Yesterday marked my one month anniversary since being diagnosed with Ulcerative Colitis. If I were to tell you that I am thankful to have my diagnosis, you would probably call me crazy. However, it is so true! Having my diagnosis means that I am finally receiving the treatment I need to continue living. I am no longer making trips to the Emergency Room nor am I being misdiagnosed (Road to Diagnosis). Having a diagnosis also helps me to better understand what is happening to my body. A better understanding of my condition and the symptoms related to it has helped me to communicate with my family, my friends, and my coworkers about what I am experiencing. This communication in addition to finding others diagnosed with Inflammatory Bowel Disease (IBD) has helped me to not feel so lost and alone in my sufferings.

Pre & 1 Month Post Diagnosis

Self Care

The words “self care” have always been foreign to me until now. It took being diagnosed with an autoimmune disease for me to understand that it is important for me to take care of myself. Being extremely stressed increases the risk of an Ulcerative Colitis (UC) flare up, which means that once I was diagnosed, the only choice I had was to learn to relieve stress and take care of myself. Anxiety, stress, bad moods, major life events, and worrying can worsen the symptoms of IBD. As I was unable to exercise when I was first diagnosed, I was forced to look for other means of stress relief and self care, which include (but are not limited to) bubble baths, reading, binge watching my favorite TV shows for the millionth time, writing, getting plenty of sleep, and learning how to use make up (look good, feel good, right?). I am able to exercise now, but I am happy to have an arsenal full of different stress relief methods as my UC has a mind of its own sometimes. I am thankful that I am to put myself first when it is needed as it has actually changed my life, my attitudes, and my relationship (for the better).


Are there days that I wish I didn’t have an incurable disease? Abso-freakin’-lutely, but being diagnosed with Ulcerative Colitis for just this short month has already changed things in my life. The biggest change I’ve experienced with my diagnosis is how big of an advocate I am for myself, my health, and my overall well being now. No one likes to be called a pushover, but I’ve always been the type of person to do whatever others needed me to do without any regards to how it was impacting me. As stress can increase the risk of a flare up or worsen the symptoms of IBD, I’ve had to learn to say no to people and even to say no to myself. I’ve recently had to advocate to my primary care physician about my health as they do not understand my condition nor my symptoms. I’ve had to explain to work exactly what I’m going through. Listening to my Gastroenterologist has been necessary, but also listening to my body and knowing when I need to rest versus when I can push through. I’ve always been advocate for others, but rarely have I spoken up for myself. I am appreciative of my new found ability to speak up!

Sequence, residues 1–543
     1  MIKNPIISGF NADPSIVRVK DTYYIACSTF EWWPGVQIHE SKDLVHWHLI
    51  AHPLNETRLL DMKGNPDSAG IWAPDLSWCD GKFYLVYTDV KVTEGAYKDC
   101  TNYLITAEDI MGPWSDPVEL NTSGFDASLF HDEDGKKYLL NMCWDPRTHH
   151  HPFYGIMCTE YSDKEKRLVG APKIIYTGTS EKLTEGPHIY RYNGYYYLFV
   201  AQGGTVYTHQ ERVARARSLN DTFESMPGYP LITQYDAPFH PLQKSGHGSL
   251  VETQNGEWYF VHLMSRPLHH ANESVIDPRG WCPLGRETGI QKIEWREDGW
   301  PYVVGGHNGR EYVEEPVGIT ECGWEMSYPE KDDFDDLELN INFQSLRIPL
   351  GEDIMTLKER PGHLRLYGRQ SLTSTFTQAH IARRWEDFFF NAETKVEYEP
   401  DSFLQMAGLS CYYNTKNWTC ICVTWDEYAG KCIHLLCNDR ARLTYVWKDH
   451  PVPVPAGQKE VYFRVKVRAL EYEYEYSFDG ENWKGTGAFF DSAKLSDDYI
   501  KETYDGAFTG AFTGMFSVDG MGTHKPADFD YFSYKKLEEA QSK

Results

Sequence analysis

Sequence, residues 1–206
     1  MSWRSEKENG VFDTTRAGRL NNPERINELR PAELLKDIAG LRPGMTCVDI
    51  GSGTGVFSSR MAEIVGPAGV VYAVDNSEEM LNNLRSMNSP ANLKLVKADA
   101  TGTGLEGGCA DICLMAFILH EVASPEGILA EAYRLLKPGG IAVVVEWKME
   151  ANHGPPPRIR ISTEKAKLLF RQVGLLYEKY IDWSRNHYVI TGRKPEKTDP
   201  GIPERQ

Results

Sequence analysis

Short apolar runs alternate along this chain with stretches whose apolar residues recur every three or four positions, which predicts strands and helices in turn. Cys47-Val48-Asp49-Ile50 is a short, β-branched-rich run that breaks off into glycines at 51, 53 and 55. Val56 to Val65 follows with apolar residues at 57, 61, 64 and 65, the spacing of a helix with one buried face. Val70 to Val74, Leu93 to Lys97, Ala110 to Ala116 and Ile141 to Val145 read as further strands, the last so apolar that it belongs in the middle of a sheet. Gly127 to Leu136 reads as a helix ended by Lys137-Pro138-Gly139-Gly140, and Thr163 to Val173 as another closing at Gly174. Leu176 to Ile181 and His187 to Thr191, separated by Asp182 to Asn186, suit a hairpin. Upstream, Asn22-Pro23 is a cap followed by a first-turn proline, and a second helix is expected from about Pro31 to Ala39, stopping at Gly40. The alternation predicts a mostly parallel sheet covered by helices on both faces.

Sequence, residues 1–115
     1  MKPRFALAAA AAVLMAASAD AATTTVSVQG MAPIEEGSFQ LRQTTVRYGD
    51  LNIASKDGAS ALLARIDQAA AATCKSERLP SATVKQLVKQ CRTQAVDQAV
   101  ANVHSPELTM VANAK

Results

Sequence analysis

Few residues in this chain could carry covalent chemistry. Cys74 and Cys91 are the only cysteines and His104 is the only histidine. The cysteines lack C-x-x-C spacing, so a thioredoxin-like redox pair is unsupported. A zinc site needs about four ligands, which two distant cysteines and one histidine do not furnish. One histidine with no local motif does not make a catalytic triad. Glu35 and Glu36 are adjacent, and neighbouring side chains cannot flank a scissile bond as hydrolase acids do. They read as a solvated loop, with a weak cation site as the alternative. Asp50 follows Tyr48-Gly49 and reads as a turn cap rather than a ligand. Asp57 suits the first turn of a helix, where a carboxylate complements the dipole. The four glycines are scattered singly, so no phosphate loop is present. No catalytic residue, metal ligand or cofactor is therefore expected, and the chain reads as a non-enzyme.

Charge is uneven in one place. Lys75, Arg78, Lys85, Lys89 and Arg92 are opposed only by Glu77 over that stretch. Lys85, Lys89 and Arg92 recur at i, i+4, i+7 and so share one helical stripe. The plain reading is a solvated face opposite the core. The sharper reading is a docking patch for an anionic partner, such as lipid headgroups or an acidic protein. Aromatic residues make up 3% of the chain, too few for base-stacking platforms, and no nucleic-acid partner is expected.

I’ve always thought that I have made it through quite a lot, but I guess you don’t realize how strong you are until your body is attacking itself from the inside. Mental StrengthI could have never imagined what it was like to suffer through 3 bathroom trips an hour while sitting a 12 hour shift or what it meant to study while unable to warm up due to severe anemia. Now with my treatment, I have learned to muster up the energy in order to take care of business before returning home and crashing. I have learned to not let an urgent bathroom trip during a gym session stop me from finishing my workout. I’ve not only managed to physically be strong, but I am learning each and every day how strong I am mentally and emotionally. This disease can things at a moment’s (and it has), which means that I am having to learn to not let a bad moment or a flare day ruin my positive outlook and my “can do” attitude. Notice that I say “I am having to learn” and not “I have learned.” This is definitely a process and as this diagnosis is still fairly new to me, I believe that I am managing it quite well. I have quite a bit of gratitude to learn how strong I truly am!





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